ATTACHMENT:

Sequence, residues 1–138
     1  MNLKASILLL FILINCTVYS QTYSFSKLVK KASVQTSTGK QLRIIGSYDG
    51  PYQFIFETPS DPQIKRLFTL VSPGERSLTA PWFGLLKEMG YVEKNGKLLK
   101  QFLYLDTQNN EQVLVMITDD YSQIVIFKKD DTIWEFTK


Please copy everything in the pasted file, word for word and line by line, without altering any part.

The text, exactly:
Sequence, residues 1–138
     1  MNLKASILLL FILINCTVYS QTYSFSKLVK KASVQTSTGK QLRIIGSYDG
    51  PYQFIFETPS DPQIKRLFTL VSPGERSLTA PWFGLLKEMG YVEKNGKLLK
   101  QFLYLDTQNN EQVLVMITDD YSQIVIFKKD DTIWEFTK